Part 1: Overview and File->New Project
by Jon Galloway
The MVC Music Store is a tutorial application that introduces and explains step-by-step how to use ASP.NET MVC and Visual Studio for web development.
The MVC Music Store is a lightweight sample store implementation which sells music albums online, and implements basic site administration, user sign-in, and shopping cart functionality.
This tutorial series details all of the steps taken to build the ASP.NET MVC Music Store sample application. Part 1 covers Overview and File->New Project.
The MVC Music Store is a tutorial application that introduces and explains step-by-step how to use ASP.NET MVC and Visual Web Developer for web development. We'll be starting slowly, so beginner level web development experience is okay.
The application we'll be building is a simple music store. There are three main parts to the application: shopping, checkout, and administration.
Visitors can browse Albums by Genre:
They can view a single album and add it to their cart:
They can review their cart, removing any items they no longer want:
Proceeding to Checkout will prompt them to login or register for a user account.
After creating an account, they can complete the order by filling out shipping and payment information. To keep things simple, we're running an amazing promotion: everything's free if they enter promotion code "FREE"!
After ordering, they see a simple confirmation screen:
In addition to customer-faceing pages, we'll also build an administrator section that shows a list of albums from which Administrators can Create, Edit, and Delete albums:
1. File -> New Project
Installing the software
This tutorial will begin by creating a new ASP.NET MVC 3 project using the free Visual Web Developer 2010 Express (which is free), and then we'll incrementally add features to create a complete functioning application. Along the way, we'll cover database access, form posting scenarios, data validation, using master pages for consistent page layout, using AJAX for page updates and validation, user login, and more.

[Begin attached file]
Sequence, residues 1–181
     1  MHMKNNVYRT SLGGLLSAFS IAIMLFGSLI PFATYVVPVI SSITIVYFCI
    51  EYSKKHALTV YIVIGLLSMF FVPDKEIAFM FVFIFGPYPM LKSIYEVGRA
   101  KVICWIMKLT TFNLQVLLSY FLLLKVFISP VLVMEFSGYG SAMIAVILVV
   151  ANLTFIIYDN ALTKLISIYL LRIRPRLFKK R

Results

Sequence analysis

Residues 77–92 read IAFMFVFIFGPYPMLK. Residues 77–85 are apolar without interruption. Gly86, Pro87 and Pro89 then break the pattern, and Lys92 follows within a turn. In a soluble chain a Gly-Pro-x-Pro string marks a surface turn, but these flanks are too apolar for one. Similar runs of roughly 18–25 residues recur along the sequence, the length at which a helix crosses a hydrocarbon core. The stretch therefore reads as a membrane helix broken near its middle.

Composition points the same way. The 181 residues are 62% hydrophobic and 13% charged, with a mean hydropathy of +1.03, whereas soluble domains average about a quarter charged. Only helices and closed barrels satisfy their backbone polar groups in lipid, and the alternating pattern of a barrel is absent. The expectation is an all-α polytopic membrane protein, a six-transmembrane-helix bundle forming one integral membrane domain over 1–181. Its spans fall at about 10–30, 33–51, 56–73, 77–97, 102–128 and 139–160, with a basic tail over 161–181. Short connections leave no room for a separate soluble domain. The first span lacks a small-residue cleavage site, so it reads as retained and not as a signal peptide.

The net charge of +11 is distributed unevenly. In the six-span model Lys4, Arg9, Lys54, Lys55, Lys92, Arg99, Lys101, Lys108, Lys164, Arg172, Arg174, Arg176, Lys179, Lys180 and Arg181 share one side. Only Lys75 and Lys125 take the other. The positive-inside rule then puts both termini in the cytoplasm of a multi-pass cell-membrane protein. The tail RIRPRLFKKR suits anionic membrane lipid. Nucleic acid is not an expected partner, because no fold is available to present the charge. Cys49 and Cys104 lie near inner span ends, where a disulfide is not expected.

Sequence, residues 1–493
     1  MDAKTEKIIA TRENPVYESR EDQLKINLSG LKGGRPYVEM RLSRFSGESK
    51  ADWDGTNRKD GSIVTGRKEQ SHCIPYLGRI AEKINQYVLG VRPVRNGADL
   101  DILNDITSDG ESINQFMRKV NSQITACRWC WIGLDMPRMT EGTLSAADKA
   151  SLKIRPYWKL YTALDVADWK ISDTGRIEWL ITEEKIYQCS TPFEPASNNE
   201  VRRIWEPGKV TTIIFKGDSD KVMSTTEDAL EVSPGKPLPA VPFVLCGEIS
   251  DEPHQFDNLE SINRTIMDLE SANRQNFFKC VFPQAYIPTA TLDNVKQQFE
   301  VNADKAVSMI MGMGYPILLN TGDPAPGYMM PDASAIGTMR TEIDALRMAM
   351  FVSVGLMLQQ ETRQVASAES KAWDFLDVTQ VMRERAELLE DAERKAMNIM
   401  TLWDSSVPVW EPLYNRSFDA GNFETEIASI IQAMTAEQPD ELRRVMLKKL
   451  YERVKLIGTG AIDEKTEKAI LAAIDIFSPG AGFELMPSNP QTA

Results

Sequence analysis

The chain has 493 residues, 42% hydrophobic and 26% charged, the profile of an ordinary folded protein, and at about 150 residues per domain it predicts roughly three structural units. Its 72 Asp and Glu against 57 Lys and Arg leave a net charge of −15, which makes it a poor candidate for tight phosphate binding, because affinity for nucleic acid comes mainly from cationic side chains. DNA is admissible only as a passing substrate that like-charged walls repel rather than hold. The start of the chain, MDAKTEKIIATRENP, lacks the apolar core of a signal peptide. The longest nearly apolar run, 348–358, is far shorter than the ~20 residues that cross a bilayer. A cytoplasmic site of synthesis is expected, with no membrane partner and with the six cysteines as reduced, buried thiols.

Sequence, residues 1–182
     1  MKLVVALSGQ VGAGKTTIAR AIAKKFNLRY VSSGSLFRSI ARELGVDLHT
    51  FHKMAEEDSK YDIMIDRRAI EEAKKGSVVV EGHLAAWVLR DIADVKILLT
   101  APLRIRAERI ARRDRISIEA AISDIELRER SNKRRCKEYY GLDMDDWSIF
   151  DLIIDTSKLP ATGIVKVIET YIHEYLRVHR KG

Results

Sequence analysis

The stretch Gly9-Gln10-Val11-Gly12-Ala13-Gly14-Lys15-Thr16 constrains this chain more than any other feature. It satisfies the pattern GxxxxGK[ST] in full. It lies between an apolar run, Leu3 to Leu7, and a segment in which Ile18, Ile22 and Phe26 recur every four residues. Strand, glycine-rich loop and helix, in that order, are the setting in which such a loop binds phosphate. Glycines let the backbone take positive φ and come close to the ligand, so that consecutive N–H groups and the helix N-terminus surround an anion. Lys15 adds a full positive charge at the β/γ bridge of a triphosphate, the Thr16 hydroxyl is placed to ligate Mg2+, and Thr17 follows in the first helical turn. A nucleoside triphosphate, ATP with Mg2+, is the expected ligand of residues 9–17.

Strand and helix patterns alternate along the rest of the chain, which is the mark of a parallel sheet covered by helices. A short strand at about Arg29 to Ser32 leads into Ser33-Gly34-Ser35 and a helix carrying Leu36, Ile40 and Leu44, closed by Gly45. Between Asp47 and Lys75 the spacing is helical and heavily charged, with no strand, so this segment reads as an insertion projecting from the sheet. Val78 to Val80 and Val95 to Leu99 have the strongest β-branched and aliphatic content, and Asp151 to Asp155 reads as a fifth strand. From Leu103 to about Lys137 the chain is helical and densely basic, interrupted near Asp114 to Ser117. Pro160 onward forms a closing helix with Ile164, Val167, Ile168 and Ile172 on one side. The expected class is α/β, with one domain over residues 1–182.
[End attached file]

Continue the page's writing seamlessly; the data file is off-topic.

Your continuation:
You can follow along step by step, or you can download the completed application from MVC-Music-Store.
You can use either Visual Studio 2010 SP1 or Visual Web Developer 2010 Express SP1 (a free version of Visual Studio 2010) to build the application. We'll be using the SQL Server Compact (also free) to host the database. Before you start, make sure you've installed the prerequisites listed below.
- [Visual Studio Web Developer Express SP1 prerequisites]
- [ASP.NET MVC 3 Tools Update]
- [SQL Server Compact 4.0] - including both runtime and tools support
Creating a new ASP.NET MVC 3 project
We'll start by selecting "New Project" from the File menu in Visual Web Developer. This brings up the New Project dialog.
We'll select the Visual C# -> Web Templates group on the left, then choose the "ASP.NET MVC 3 Web Application" template in the center column. Name your project MvcMusicStore and press the OK button.
This will display a secondary dialog which allows us to make some MVC specific settings for our project. Select the following:
Project Template - select Empty
View Engine - select Razor
Use HTML5 semantic markup - checked
Verify that your settings are as shown below, then press the OK button.
This will create our project. Let's take a look at the folders that have been added to our application in the Solution Explorer on the right side.
The Empty MVC 3 template isn't completely empty – it adds a basic folder structure:
ASP.NET MVC makes use of some basic naming conventions for folder names:
|/Controllers||Controllers respond to input from the browser, decide what to do with it, and return response to the user.|
|/Views||Views hold our UI templates|
|/Models||Models hold and manipulate data|
|/Content||This folder holds our images, CSS, and any other static content|
These folders are included even in an Empty ASP.NET MVC application because the ASP.NET MVC framework by default uses a "convention over configuration" approach and makes some default assumptions based on folder naming conventions. For instance, controllers look for views in the Views folder by default without you having to explicitly specify this in your code. Sticking with the default conventions reduces the amount of code you need to write, and can also make it easier for other developers to understand your project. We'll explain these conventions more as we build our application.